For the last 20+ years, slope stability modelling by practicing engineers and basic software users has mostly been limited to 2D cross-sections. Faster computers and improvements in the user interface of 3D software are now facilitating a shift towards the routine use of 3D stability modelling. Deformation monitoring technology has also been rapidly improving, with realtime interferometric radar now capable of providing updates every minute across an entire slope. This is a step-change in risk management compared with manual surveying of individual survey prisms going back as little as 15 years. Radars are also geo-referenced to the same coordinate system used in slope stability models. This paper presents case studies to illustrate the benefits of routinely adopting 3D modelling for slope stability as well as the added advantage of integrating the 3D models with interferometric radar data, thereby bringing together predictive models and live monitoring data.
Slope stability modelling and slope hazard management using slope deformation monitoring until now have been separate, individual tasks, often undertaken by different geotechnical engineers or companies for a single project. For example, in a typical open pit mine, the slope could be designed (modelled) by an external consultant and the slope hazard management and deformation monitoring performed by the client or mining company. This usually results in a disconnect between the predicted and actual ground behavior.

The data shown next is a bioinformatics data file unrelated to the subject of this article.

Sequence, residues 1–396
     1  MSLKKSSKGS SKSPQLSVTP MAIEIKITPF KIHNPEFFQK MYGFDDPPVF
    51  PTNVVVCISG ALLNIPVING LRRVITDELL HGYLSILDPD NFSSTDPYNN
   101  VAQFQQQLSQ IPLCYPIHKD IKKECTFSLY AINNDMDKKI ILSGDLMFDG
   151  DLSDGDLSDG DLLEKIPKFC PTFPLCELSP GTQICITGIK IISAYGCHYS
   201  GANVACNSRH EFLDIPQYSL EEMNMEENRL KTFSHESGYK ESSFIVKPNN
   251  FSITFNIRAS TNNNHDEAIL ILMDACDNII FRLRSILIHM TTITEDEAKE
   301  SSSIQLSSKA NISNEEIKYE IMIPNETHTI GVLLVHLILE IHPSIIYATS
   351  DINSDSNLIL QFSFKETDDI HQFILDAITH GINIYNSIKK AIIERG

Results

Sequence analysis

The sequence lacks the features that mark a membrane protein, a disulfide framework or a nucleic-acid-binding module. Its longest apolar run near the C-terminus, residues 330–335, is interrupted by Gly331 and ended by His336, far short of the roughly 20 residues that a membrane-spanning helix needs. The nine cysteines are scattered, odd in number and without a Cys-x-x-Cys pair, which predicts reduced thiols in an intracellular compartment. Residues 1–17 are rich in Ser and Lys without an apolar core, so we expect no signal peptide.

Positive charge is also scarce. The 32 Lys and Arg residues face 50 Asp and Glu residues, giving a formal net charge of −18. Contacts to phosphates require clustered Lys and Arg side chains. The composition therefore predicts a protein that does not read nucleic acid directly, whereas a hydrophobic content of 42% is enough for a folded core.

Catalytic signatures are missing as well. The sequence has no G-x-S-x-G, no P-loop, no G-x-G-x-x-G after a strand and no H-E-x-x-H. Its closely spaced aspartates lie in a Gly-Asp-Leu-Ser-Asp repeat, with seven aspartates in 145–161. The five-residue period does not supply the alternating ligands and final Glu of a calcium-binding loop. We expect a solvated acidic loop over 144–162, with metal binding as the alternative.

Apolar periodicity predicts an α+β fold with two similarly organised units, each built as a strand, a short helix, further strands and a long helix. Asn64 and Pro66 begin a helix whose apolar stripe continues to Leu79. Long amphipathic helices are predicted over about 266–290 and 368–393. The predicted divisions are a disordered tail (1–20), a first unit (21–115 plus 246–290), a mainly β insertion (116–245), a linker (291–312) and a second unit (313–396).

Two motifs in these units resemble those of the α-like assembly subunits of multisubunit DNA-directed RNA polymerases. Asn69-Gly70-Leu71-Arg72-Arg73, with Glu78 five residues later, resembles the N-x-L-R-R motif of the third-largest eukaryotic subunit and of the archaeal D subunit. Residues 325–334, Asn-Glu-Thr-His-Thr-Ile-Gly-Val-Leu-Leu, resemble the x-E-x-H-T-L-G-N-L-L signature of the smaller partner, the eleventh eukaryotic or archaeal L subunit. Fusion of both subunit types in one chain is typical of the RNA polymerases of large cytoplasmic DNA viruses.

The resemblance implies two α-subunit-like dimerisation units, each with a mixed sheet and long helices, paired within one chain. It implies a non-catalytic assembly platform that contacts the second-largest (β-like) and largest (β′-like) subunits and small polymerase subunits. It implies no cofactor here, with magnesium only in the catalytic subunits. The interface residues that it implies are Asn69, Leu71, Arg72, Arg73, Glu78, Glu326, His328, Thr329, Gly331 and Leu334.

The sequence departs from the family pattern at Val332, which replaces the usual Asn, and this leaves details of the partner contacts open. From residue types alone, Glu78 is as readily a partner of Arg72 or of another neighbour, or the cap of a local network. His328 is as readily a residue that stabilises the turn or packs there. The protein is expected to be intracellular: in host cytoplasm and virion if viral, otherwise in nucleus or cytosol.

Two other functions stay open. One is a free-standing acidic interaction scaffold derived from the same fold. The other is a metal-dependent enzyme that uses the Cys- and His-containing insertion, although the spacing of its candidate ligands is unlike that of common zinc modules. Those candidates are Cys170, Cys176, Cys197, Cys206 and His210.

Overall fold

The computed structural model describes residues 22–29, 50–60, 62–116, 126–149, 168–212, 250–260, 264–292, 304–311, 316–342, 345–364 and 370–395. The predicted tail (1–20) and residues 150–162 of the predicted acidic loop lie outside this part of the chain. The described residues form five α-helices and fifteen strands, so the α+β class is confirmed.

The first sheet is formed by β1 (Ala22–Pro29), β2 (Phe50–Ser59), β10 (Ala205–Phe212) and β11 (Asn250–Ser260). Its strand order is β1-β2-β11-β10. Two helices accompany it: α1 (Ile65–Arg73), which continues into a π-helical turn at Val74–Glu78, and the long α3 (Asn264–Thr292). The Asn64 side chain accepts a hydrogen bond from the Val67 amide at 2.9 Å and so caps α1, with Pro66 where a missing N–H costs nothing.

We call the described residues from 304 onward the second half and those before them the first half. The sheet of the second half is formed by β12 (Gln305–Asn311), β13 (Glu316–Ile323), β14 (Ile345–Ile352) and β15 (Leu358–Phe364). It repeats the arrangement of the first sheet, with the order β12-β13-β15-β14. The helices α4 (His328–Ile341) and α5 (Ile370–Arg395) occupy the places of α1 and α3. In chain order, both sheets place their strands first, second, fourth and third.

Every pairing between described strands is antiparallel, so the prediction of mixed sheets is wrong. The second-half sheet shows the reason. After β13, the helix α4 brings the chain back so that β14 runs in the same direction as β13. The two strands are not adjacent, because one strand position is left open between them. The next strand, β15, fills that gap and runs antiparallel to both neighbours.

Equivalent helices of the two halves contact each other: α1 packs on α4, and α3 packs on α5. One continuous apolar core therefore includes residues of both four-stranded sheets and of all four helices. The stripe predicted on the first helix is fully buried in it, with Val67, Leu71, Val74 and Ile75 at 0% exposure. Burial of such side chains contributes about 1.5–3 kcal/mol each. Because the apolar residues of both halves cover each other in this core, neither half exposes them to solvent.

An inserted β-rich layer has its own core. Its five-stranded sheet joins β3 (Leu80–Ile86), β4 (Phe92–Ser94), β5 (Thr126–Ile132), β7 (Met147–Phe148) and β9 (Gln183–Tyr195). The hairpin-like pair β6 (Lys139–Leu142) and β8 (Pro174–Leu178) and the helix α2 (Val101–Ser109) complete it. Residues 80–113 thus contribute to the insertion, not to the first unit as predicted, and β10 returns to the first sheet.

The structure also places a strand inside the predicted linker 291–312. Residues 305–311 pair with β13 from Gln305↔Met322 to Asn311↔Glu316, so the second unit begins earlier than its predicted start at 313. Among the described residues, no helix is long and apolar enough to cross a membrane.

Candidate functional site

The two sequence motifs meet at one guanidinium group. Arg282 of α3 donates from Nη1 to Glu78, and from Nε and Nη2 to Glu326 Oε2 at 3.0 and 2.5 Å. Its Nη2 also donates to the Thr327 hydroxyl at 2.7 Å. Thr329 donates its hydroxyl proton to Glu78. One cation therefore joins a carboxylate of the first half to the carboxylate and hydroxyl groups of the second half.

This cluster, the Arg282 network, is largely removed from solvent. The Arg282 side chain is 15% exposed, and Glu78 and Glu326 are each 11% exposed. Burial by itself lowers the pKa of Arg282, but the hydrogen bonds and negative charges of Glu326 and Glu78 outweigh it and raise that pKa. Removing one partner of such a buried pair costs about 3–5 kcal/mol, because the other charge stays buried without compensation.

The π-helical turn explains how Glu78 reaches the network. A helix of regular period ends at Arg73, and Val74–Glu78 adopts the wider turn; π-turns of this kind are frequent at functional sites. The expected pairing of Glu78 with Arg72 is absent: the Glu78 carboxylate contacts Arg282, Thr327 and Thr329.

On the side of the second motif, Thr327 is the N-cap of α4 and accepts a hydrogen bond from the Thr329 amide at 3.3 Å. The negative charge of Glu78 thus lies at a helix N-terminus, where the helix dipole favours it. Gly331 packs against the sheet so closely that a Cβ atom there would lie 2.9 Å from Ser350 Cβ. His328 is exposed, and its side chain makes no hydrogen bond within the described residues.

In the last decade several efforts were made to reconcile or validate slope designs and models with excavation progression with varying degrees of success (Baczynski et al. 2008; Dixon et al. 2011; Bar, 2012). At the same time, slope stability modelling techniques have evolved and increased in complexity with improvements in computing capability and available software. As we approach the 2020's, three-dimensional (3D) limit equilibrium and finite element analysis software are readily available and offer a range of options to model complex failure mechanisms (McQuillan et al. 2018; Bar & McQuillan, 2018).